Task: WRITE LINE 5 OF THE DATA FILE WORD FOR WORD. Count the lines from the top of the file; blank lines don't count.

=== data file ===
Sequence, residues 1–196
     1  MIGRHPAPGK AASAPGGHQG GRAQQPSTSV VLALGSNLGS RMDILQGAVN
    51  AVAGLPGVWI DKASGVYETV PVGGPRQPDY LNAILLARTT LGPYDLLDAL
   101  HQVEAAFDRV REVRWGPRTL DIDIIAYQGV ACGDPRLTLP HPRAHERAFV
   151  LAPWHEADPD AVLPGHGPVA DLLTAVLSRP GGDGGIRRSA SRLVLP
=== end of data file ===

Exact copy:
   151  LAPWHEADPD AVLPGHGPVA DLLTAVLSRP GGDGGIRRSA SRLVLP